How-To: Installing Linux on the Rasberry Pi with the Adafruit SD Card
Using the Adafruit SD card to load a Linux distribution onto the Raspberry Pi couldn’t be easier. It’s nothing like the mid-90’s Linux experience of painstakingly writing 20+ floppy disks. Which leads to a all night long installation process. Following these instructions and you will be looking at a raspberry pi command line in less than 20 minutes.
Note: there are other linux distributions for raspberry pi, but debian squeeze is the recommended version at the moment.
The following example uses the ‘dd’ UNIX utility on a OS/X system. The process of loading the SD Card on Linux is almost identical except for device names. Windows users should use win32 disk imager. Different techniques for loading SD Cards is available here.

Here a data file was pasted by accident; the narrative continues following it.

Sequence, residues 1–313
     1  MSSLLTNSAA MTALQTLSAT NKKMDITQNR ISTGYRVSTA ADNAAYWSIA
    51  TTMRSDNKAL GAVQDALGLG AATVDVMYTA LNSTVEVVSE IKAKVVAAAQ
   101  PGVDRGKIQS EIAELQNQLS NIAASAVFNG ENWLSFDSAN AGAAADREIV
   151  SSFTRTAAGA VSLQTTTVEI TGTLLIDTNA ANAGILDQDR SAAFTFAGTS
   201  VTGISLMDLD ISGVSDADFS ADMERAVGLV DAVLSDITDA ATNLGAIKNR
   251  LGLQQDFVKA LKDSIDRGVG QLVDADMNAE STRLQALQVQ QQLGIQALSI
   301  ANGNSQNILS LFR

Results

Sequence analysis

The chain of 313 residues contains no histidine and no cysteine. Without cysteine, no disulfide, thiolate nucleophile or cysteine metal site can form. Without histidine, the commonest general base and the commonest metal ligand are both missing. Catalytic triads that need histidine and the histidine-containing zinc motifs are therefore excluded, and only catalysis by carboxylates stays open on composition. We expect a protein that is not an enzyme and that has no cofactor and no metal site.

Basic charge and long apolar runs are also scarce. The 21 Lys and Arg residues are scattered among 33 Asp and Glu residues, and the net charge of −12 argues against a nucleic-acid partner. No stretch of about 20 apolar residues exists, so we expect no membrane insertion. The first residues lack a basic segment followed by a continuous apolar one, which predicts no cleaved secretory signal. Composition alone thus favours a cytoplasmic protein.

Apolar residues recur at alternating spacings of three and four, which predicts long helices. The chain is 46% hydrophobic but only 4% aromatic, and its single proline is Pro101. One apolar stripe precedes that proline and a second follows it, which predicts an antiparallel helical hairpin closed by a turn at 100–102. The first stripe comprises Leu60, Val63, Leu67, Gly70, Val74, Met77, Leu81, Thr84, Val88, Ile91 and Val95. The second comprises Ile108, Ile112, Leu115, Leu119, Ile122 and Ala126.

– Extract the image:
$ unzip ~/Downloads/debian6-19-04-2012.zip
– Verify the image is not corrupt:
$ shasum debian6-19-04-2012/debian6-19-04-2012.img
$ cat debian6-19-04-2012/debian6-19-04-2012.img.sha1
– Plug-in and find the Find the MicroSD card device name:
* Note: if nothing shows up it probably means your card reader is too old and not SDHC compatible
– Find the SD Card
$ df -H | grep Vol
/dev/disk1s1 3.9G 639k 3.9G 1% /Volumes/NO NAME
– Unmount device (you must unmount to write!)
$ diskutil unmount “NO NAME”
– write to raw device disk1s1 –> rdisk1s1
$ sudo dd bs=1m if=debian6-19-04-2012/debian6-19-04-2012.img of=/dev/rdisk1
(takes about 6 minutes with no output until complete)
– After the dd command finishes, sync & eject the card:
$ diskutil eject /dev/rdisk1
– Insert card, plug-in HDMI cable to a monitor, usb keyboard and power to see the raspi boot
* Username: pi
* Password: raspberry
– add a mouse and try running X if you want a graphical interface
Eink, E-paper, Think Ink – Collin shares six segments pondering the unusual low-power display technology that somehow still seems a bit sci-fi – http://adafruit.com/thinkink
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